6,000 jobs at risk at Cafe Rouge and Bella Italia

6,000 jobs at risk at Cafe Rouge and Bella Italia


The owner of High Street restaurant chains Cafe Rouge and Bella Italia has filed intent to appoint administrators at the High Court.

Owner Casual Dining Group, whose brands also include the Las Iguanas chain, employs about 6,000 people.

The company said the move would give it ten days’ breathing space to consider “all options” for restructuring.

Restaurants have been hit hard after shutting their doors in March as part of Britain’s virus lockdown.

Earlier on Monday, Casual Dining Group said that it is working with advisers from corporate finance firm AlixPartners over a potential restructuring programme.

A Casual Dining Group spokeswoman said: “As is widely acknowledged, this is an unprecedented situation for our industry and, like many other companies across the UK, the directors of Casual Dining Group are working closely with our advisers as we consider our next steps.

“These notifications are a prudent measure in light of the company’s position and the wider situation.”

Breathing space
The firm said the move would protect it from any threatened legal action from landlords.

The notice of intent to appoint administrators gives the firm ten days to put a restructuring plan into place.

After that ten days is up, the firm could let the notice lapse, if there is a viable restructuring plan.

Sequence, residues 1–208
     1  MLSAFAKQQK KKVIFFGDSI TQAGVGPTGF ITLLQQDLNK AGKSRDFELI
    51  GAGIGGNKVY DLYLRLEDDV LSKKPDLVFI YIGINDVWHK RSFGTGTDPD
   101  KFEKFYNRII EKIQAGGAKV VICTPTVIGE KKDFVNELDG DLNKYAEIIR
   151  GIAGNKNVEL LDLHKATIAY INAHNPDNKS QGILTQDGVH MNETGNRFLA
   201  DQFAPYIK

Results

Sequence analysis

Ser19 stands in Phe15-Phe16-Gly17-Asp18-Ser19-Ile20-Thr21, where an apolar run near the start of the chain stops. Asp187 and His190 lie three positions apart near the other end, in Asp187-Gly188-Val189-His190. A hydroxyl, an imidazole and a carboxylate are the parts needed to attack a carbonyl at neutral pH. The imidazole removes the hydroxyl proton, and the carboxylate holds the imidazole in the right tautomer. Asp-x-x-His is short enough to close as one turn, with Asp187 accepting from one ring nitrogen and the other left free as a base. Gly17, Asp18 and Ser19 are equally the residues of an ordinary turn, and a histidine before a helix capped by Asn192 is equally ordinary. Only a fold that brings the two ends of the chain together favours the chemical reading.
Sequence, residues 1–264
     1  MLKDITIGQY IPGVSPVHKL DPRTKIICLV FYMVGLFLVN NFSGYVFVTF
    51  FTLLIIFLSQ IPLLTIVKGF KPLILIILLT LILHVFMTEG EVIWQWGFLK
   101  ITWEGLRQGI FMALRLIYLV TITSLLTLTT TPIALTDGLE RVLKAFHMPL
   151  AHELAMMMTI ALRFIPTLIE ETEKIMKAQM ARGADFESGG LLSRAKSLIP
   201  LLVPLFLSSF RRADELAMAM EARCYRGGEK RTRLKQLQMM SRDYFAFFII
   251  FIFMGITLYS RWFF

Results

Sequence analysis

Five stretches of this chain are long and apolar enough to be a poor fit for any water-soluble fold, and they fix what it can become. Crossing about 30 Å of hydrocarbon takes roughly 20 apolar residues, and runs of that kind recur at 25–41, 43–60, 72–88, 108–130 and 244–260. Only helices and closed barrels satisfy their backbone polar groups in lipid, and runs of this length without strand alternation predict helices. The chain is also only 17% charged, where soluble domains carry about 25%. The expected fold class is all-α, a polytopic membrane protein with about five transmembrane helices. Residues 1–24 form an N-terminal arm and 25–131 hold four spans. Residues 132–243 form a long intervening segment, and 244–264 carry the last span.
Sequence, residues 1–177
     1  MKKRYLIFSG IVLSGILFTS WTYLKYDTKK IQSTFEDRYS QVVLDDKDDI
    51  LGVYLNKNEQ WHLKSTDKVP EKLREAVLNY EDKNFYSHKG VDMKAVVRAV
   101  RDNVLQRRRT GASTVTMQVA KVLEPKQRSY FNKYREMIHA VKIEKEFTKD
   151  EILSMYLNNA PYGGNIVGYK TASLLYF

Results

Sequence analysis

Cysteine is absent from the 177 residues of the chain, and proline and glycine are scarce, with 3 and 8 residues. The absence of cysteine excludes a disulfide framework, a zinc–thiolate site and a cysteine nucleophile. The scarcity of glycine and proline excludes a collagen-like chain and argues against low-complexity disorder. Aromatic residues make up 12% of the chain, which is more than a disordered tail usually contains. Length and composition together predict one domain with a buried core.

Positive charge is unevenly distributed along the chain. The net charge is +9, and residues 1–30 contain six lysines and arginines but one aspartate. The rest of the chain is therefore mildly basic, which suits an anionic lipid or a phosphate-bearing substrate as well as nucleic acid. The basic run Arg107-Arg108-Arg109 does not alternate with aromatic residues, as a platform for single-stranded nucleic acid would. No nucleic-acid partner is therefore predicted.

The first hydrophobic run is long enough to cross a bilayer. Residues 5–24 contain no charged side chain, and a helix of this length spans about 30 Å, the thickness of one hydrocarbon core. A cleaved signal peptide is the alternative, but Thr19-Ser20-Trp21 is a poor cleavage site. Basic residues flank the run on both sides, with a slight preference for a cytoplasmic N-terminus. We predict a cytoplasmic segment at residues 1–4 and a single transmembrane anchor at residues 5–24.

But if there is no feasible restructuring plan, the firm must either ask for another ten days to come up with one, or it could appoint administrators for the business.

The restructuring plan could involve so-called “company voluntary arrangements” (CVAs), which allow a firm to keep trading while reducing rents. It could also see one or more of the firm’s brands put into administration.

The UK’s casual dining chains had a tough few years even before the coronavirus pandemic arrived.

Many struggled with a raft of increasing costs, including upwards-only rent reviews, business rates, a rising minimum wage and the apprenticeship levy.

A rise in the cost of imported food following the sharp drop in the value of the pound amid Brexit uncertainty was another pressure point.

Some well-known names, including Jamie Oliver’s restaurant empire, the burger chain Byron, and the Chiquito and Frankie & Benny’s owner have either closed sites or had to put in place emergency financial measures.